Profile object allocations with ruby 2.1's trace_object_allocations #1167

Closed
myronmarston opened this Issue Nov 9, 2013 · 9 comments

Comments

Projects
None yet
5 participants
Owner

myronmarston commented Nov 9, 2013

Just got done watching a talk on ruby 2.1 and it's new trace_object_allocations feature. The allocation_stats gem packages up some nice features to sort through the data, and I think we could find some low-hanging fruit to optimize and reduce the number of objects RSpec creates (and thus, reduce GC time). We should do this for core, mocks and expectations.

Owner

JonRowe commented Nov 10, 2013

👍 but we need to fix RSpec to run reliably on 2.1 first

Owner

myronmarston commented Nov 10, 2013

From what I heard, 2.1 is supposed to be fully compatible with 2.0 so I suspect that any issues are more likely to be ruby bugs in the prerelease than RSpec bugs.

Owner

JonRowe commented Nov 10, 2013

Either/or

Contributor

tundal45 commented Dec 17, 2013

I would like to work on this but I will need a little bit of guidance since I am new to the codebase as well as ruby 2.1's tracing capabilities.

Member

xaviershay commented Dec 18, 2013

@tundal45 try running https://github.com/srawlins/allocation_stats against your spec suite, or against rspec's test suite. See if anything looks interesting, or if any new questions are raised. Rinse and repeat :)

Owner

myronmarston commented Dec 18, 2013

You can also watch the talk I attended (which inspired me opening this ticket) at rubyconf:

http://confreaks.com/videos/2870-rubyconf2013-new-ruby-2-1-awesomeness-fine-grained-object-allocation-tracing

Note that this requires ruby 2.1 (as it uses new features provided by MRI), but any improvements we make based on what we learn will benefit all ruby versions.

FWIW, when I opened this, I planned to create a bunch of example files that will focus on individual aspects of RSpec and contain only RSpec constructs (so as to eliminate the noise of non-rspec code):

  • A file that defines 1000 example groups, each with 1 example. Analyize object allocation while loading (but not running) the specs.
  • A file that defines 1 example group with 1000 examples. Analyze object allocation while loading (but not running) the specs.
  • Use the same files as above, but analyze running all the examples (but have the analysis disabled while loading the specs).
  • Define a file that uses rspec-expectations on its own (w/o the structure provided by rspec-core -- simply require it and include RSpec::Matchers in main) and have it run a bunch of expectations.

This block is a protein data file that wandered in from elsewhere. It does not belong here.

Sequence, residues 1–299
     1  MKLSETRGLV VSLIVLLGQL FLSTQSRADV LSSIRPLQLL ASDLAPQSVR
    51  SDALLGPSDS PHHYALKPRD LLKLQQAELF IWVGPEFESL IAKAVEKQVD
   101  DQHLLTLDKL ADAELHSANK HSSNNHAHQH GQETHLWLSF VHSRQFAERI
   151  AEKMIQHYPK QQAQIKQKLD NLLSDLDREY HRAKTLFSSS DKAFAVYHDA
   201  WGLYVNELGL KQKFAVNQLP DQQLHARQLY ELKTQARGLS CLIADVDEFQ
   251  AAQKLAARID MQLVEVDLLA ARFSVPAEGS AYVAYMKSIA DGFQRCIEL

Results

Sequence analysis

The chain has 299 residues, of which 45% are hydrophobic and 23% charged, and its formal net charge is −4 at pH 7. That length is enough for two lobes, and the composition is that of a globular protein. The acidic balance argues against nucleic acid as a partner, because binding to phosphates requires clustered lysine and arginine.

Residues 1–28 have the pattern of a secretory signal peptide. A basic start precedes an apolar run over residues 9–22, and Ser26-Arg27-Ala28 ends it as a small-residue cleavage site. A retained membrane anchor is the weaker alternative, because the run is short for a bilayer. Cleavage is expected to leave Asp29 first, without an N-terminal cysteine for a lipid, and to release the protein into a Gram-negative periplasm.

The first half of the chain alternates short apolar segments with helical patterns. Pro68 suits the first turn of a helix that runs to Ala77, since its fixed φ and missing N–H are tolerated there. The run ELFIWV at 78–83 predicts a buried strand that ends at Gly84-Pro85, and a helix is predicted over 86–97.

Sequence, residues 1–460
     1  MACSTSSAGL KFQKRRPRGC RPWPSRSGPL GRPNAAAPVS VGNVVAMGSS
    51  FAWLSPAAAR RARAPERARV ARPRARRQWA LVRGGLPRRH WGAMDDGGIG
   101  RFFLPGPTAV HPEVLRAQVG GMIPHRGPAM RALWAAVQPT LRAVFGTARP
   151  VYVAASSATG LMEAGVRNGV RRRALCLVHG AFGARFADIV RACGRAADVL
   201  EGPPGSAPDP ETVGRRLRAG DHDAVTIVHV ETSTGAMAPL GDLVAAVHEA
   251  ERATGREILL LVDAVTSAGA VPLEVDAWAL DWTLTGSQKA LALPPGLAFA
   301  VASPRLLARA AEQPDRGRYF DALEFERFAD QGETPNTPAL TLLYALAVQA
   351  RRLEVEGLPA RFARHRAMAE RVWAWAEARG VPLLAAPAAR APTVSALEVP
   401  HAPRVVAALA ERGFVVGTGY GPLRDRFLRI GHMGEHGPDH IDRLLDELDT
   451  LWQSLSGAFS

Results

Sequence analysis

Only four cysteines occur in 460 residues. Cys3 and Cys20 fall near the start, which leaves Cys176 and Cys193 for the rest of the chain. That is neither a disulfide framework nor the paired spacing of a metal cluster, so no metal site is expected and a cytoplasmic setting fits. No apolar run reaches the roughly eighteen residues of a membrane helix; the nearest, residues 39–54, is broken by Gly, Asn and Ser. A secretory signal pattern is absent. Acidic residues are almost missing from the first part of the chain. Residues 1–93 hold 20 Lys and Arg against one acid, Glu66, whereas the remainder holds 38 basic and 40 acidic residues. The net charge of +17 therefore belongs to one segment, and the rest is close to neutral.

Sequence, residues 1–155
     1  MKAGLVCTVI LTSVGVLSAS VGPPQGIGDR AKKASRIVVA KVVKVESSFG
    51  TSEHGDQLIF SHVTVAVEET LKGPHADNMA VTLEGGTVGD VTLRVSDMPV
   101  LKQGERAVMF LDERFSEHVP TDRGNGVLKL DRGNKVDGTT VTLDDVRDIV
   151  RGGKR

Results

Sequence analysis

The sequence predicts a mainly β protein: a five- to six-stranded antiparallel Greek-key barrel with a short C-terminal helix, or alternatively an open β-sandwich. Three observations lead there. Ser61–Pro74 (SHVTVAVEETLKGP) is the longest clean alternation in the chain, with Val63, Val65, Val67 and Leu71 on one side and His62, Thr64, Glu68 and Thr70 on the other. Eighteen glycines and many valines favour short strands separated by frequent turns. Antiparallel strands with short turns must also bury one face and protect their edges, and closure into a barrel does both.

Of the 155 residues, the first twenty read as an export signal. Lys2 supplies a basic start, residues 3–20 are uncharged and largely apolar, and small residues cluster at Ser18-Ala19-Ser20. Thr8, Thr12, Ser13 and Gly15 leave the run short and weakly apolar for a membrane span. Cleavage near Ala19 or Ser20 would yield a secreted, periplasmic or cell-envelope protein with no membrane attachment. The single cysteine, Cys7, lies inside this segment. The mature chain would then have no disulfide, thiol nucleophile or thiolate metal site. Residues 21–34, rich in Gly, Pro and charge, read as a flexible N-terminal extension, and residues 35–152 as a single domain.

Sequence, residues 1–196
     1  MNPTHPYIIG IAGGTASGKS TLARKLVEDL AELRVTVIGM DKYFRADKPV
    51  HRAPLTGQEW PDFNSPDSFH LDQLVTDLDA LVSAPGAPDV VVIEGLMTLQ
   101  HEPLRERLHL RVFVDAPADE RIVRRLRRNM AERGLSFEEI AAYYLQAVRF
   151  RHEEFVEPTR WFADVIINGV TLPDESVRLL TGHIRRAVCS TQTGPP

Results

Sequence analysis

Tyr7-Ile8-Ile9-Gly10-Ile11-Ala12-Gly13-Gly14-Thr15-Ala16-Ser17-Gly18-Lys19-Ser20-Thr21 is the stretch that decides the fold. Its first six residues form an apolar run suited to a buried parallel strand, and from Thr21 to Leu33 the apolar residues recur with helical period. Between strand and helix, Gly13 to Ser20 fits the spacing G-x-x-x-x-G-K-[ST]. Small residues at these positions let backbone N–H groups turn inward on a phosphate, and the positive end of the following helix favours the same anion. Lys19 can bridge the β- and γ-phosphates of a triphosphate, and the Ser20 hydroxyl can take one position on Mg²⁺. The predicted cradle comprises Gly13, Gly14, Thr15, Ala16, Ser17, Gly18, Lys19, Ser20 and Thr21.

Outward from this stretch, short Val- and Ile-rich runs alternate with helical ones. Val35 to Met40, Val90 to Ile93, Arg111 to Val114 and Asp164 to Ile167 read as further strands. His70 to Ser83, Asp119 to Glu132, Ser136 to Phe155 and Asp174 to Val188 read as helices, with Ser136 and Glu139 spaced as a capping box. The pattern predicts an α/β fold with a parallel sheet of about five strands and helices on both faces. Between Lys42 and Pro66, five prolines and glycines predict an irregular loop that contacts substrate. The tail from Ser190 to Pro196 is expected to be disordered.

• Do a similar thing for rspec-mocks.

Based on the results we get here, we can hopefully find some low-hanging fruit to optimize, to make RSpec allocate fewer objects, which would reduce the amount of garbage and improve perf on all ruby implementations.

Another video that may give you ideas here is @xaviershay's talk at rubyconf:

http://confreaks.com/videos/2860-rubyconf2013-profiling-ruby-finding-10x-gains-in-rspec-and-cruby

He talked about looking at profiler output for rspec-mocks that showed a surprising number of calls to Kernel#caller, which in turn provided the impetus to make some significant perf improvements to test double creation in rspec-mocks. I imagine we could see some similar things here: maybe we'll see a surprising number of allocations of a particular kind of object that will lead us to move it out of a tight loop or something. Hard to say what the improvements we'll find will be but hopefully that gives you some ideas.

@myronmarston myronmarston modified the milestone: Post 3.0, 3.0 Mar 24, 2014

ashag commented Jun 9, 2014

Hi. I work with @myronmarston. Since the last comments on this issue are from last year, I was thinking I could work on this.

Owner

JonRowe commented Jun 9, 2014

I had this on my to do list but I've yet to get round to it so feel free to take a stab at it

Owner

myronmarston commented Oct 10, 2014

Closing as this has been addressed in #1738. There'll be more on going work for this but keeping this issue open is just noise, I think.

Sign up for free to join this conversation on GitHub. Already have an account? Sign in to comment